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  • Lance Latchman

Confidence is key: The biggest mistake companies make in B2B Video Productions

Updated: Dec 2, 2022



Stephen Fry is rightly regarded as one of the greatest television presenters in Britain. His wit, intelligence and fluency are all reasons for success. However, these qualities hinge on one thing: his confidence.

Fry has written and spoken about the importance of confidence in a number of interviews. Surprisingly, Fry admits that this didn’t come naturally to him. It was something he learned over time, to the point where he was willing and able to appear comfortably on live television broadcasts.

Presenter confidence is one of the most overlooked parts of video production. It’s also one of the most important. Whether you’re filming a training video, an explainer, or a promotional shoot, the confidence of the speaker is going to affect the overall quality of the material. The authority with which the speaker talks and acts affects how the audience perceive a particular brand, service or product. The right attitude can also turn a video shoot from a chore into a positive experience,

Unlike Fry, most of us won’t ever be presenting on live television, but that doesn’t mean we should neglect our confidence in video shoots. Fortunately, presenter confidence is something that can be learned surprisingly quickly.

The problem of ‘camera shyness’

In 1994, the Los Angeles Times published an article on ‘camera shyness’. The author, Emily Adams, mentions scientific studies which prove that ‘mood and self-esteem plummeted’ when people were filmed. Furthermore, Adams finds that the majority of people do not regard themselves as ‘photogenic’.

This was at a time when portable video cameras were still in their infancy and this might explain some of the findings. Surely, 30 years on and 7 billion smartphones later, we should be more comfortable in front of the camera?

Unfortunately, studies show otherwise. Psychology Today reports that most people still freeze up when a camera is pointed at them. If you’re recording a TikTok, this isn’t a big deal. If you’re recording an expensive corporate video production, however, it might be.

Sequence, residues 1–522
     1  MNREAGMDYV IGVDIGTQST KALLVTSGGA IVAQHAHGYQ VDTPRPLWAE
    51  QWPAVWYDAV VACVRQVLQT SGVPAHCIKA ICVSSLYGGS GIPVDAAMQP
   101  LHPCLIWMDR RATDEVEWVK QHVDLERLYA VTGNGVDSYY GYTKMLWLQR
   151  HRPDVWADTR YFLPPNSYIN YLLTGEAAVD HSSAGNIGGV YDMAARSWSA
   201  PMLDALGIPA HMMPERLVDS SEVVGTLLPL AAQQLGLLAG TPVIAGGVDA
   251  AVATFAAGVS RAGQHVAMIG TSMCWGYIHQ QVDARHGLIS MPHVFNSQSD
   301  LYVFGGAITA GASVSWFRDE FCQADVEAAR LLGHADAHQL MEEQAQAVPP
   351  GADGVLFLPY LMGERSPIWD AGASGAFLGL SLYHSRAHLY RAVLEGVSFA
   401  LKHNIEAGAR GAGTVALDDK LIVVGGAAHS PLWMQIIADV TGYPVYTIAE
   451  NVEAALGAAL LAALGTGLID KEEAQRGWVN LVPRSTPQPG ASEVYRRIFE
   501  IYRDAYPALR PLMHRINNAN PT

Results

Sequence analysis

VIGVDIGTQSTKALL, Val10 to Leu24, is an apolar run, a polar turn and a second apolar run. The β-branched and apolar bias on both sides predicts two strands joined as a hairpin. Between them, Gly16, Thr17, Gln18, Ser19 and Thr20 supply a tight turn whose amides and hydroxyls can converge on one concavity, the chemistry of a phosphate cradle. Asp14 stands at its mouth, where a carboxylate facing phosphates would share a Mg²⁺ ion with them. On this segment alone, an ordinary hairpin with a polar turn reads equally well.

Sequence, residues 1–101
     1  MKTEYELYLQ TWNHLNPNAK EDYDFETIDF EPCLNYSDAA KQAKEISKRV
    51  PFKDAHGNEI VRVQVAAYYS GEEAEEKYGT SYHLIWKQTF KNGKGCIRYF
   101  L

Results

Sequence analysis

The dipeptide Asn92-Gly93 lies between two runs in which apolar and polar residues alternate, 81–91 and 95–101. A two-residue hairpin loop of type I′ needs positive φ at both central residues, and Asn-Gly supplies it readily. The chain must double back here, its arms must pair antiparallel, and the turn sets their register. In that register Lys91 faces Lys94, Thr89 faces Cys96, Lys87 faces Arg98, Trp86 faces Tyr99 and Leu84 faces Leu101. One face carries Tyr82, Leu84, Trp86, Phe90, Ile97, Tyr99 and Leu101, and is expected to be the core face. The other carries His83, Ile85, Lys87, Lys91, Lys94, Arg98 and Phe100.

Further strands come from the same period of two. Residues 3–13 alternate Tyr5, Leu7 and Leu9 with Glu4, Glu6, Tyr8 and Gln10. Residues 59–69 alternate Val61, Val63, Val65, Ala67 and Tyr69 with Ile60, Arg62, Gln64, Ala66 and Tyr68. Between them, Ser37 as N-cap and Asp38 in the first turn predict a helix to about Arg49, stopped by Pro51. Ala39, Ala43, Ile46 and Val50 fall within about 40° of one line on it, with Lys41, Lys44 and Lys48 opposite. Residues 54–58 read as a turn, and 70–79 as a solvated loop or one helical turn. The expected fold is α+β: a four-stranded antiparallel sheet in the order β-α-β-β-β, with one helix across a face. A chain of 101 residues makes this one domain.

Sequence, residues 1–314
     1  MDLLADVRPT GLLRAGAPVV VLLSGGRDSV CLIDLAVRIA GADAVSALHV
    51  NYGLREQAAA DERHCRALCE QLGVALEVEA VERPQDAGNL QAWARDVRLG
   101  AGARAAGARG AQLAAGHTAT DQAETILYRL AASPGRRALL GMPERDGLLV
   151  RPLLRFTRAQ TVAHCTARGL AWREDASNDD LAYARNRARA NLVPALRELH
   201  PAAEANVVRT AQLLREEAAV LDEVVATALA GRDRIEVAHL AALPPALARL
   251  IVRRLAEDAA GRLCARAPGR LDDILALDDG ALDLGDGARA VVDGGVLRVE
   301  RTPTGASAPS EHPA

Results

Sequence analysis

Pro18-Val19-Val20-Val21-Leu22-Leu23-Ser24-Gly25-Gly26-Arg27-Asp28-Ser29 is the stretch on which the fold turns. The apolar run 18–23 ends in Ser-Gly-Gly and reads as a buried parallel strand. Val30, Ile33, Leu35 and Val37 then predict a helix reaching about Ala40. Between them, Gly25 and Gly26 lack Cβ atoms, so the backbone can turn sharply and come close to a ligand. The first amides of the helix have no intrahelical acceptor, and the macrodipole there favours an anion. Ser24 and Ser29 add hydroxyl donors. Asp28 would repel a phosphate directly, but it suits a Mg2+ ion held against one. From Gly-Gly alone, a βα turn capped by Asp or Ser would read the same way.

If people freeze up when an iPhone is pointed at them, then imagine what a professional video shoot might do. Multiple cameras, lighting, microphones, various cables - these can be potentially overwhelming. It’s hard to remember a script in normal situations, less still when you’re in an unfamiliar and self-conscious environment.

How this affects a video shoot

Imagine you’re being sold a car. The dealer nails the wording of his pitch, but while he’s talking, he shifts his weight uncomfortably. He avoids eye contact. He speaks in a monotonous, flat tone. His body language is guarded. Would you trust this man enough to buy a car from him?

People buy from people. More specifically, they buy from people they trust. How we present ourselves is a crucial part of this (up to 93% of communication is non-verbal according to some scientists). Video is no different to this. In fact, one of the biggest advantages of video is that the audience can see the other person, unlike a sales email or a picture advert. It is a more natural way of communicating and so helps the audience connect. In other words, you can build up trust faster.

A lack of effective presentation can undermine this unique quality of video. It is for this reason that the BBC pay news broadcasters upwards of £1,000,000 a year. Simply put, they know that the extent to which the British public takes them seriously depends largely on the confidence and authority with which their mouthpieces speak. Therefore, they want the best.

Presenter training

Most of us don’t have £1.3 million spare to pay Gary Lineker to pitch our product, service, or brand. Even if we did, this might not be helpful in a business context. People like to see who they’re buying from. That means you might have to step in front of a camera, at some point.

Whilst post-production and reshoots can fix some of the issues associated with an unconfident presenter, it can’t solve everything. Not to mention that these things are timely and expensive anyway. This is where presenter training comes in handy.

Like Stephen Fry, people can learn how to be confident and authoritative in front of a camera. The time saved from presenter training easily outweighs the time it takes to reshoot entire scenes or edit them in post-production. Furthermore, it also carries over into all future shoots, as well as other aspects of public speaking. Perhaps most importantly, it makes the whole process of shooting a video more enjoyable, while enhancing the overall quality of the end result.

Conclusion

Some people are naturally gifted enough to step in front of the camera and act as they ordinarily would. But most of us aren’t. There’s no shame in recognising that you need on-camera support in order to present a video in the most effective and professional way, especially if it’s something you’ve never done before.

To find out more about presenter training, please email hello@cuecardproductions.com


https://www.bbc.co.uk/news/entertainment-arts-62133808


https://www.masterclass.com/articles/how-to-use-the-7-38-55-rule-to-negotiate-effectively



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